Home Steps Guardian of My Recovery

Guardian of My Recovery

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My understanding and appreciation of anonymity has gone through several evolutions.

At first, I clutched onto the security and safety that no one would tell anyone else that they saw me here. Deep feelings of shame, humiliation, vanity, human respect, and all facets of my public face sought the protection of anonymity.

Gradually, I relaxed and began to identify with others and with their stories. I began to tell my own story, discovering the self that had been hidden behind the disguise of the image I thought was me.

I noticed a custom of courtesy in the rooms, which placed a gentle restraint upon my natural and undisciplined curiosity. I found that the people with whom I shared intimate things about my struggle with addiction did not ask me about my outside life. They did not seem to find that very important. I wonder still about the rest of their lives, but the spirit of anonymity curbs my curiosity, giving me the ability to direct my attention to what really matters: our experience, strength, and hope as recovering addicts.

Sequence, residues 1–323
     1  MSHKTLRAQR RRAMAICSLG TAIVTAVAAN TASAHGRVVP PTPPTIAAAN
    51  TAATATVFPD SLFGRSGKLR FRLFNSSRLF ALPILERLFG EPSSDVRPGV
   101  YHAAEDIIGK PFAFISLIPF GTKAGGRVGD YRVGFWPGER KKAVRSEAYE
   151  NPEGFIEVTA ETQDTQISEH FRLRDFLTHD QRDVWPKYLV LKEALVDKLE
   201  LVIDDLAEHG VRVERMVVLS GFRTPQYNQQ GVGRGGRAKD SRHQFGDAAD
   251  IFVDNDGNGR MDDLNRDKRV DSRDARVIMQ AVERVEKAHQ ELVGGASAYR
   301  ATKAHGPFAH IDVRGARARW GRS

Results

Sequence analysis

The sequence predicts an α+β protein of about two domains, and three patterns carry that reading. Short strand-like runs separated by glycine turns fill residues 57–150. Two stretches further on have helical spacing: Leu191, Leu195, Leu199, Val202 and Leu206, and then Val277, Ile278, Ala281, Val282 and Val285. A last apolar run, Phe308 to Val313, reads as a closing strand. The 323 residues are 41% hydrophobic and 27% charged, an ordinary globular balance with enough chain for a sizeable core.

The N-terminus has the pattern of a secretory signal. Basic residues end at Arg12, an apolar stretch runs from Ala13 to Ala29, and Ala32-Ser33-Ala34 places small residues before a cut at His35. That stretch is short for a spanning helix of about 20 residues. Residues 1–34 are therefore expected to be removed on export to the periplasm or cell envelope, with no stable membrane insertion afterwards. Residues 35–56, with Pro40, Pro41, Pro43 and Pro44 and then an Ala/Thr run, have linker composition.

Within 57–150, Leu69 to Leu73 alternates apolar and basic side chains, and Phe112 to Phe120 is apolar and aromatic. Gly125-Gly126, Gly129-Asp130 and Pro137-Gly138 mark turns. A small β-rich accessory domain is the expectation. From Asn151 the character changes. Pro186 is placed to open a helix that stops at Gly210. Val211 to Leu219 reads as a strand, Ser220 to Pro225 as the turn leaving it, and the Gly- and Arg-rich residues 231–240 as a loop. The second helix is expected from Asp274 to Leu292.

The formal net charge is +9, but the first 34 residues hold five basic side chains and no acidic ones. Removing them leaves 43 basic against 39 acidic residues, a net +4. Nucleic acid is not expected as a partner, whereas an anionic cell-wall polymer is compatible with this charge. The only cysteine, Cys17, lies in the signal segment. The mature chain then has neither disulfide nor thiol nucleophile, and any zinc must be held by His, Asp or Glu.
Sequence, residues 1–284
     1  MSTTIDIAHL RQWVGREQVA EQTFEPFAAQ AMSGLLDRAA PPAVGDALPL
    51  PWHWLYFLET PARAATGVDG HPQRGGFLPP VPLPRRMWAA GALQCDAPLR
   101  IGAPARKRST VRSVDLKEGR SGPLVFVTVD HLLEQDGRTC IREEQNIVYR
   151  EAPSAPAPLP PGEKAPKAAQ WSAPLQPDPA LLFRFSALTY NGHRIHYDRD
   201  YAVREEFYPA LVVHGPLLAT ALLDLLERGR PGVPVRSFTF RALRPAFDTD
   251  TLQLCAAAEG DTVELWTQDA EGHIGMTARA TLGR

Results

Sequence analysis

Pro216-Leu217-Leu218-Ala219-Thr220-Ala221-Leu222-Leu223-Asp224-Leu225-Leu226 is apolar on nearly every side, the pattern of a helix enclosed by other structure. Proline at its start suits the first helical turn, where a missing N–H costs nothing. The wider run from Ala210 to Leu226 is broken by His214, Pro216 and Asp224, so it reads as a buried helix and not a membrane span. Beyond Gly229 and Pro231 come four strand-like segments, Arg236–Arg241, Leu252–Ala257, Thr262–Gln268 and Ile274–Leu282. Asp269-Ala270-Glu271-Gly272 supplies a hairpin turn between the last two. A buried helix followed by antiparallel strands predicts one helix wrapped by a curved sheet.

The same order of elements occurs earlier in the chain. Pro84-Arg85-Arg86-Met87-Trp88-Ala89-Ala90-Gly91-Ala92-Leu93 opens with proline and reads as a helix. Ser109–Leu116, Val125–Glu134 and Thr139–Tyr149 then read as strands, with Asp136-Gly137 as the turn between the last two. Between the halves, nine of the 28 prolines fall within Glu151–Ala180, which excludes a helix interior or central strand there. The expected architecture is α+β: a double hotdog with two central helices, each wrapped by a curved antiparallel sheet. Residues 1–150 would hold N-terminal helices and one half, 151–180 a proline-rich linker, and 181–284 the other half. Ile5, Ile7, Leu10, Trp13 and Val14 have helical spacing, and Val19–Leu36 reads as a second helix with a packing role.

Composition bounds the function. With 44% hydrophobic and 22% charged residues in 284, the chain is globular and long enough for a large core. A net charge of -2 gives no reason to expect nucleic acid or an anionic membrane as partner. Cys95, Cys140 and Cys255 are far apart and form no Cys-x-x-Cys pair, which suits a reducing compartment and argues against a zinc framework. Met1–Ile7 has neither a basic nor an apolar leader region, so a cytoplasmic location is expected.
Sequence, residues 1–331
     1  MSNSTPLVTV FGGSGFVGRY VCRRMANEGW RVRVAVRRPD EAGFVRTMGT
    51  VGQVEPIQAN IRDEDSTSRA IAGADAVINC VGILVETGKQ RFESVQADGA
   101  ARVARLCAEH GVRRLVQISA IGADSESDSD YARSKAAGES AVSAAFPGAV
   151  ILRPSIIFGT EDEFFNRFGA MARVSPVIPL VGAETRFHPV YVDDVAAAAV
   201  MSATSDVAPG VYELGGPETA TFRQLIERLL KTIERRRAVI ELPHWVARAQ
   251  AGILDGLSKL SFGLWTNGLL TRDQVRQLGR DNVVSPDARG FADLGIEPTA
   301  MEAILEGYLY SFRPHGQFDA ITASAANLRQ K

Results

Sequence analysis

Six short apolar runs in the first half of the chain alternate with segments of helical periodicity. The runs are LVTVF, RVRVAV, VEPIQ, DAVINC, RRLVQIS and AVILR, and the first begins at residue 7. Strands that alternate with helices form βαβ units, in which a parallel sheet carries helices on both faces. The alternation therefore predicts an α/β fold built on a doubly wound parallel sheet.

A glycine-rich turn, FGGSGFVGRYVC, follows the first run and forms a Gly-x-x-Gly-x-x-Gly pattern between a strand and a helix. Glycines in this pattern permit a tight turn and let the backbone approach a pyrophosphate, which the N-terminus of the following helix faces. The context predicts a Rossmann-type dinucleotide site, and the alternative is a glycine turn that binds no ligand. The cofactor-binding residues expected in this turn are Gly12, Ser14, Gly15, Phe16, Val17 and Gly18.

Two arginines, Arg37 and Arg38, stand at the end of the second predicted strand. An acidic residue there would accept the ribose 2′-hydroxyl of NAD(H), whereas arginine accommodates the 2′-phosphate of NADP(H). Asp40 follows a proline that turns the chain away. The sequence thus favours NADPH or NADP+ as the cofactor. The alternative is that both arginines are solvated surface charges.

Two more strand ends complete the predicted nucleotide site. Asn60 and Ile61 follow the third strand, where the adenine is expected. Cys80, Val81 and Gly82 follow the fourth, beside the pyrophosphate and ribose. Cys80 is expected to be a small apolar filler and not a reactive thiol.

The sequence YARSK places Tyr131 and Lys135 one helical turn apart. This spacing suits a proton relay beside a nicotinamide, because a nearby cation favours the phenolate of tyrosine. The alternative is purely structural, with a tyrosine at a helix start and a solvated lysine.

Months and years later, I finally heard, “Anonymity is the spiritual foundation . . . .” (Tradition Twelve). What a revelation when it came! Anonymity keeps me on the right path. The Principles of the Steps and Traditions guide my recovery, helping me to distinguish between principles and personalities, myself, and my Higher Power.

Anonymity has become the guardian of my treasured recovery. Anonymity keeps a watchful eye on the doorways of the rooms and redirects my wandering attention to keep intact the gift of recovery. It is in this way that anonymity remains available to the next person who crosses the threshold of recovery.

I know that God, through the people in the rooms, will reveal more to me about how blessed I am to have been led into the Fellowship.

— Edited and reprinted from The Road to Recovery newsletter, Westchester United Intergroup, November 2004

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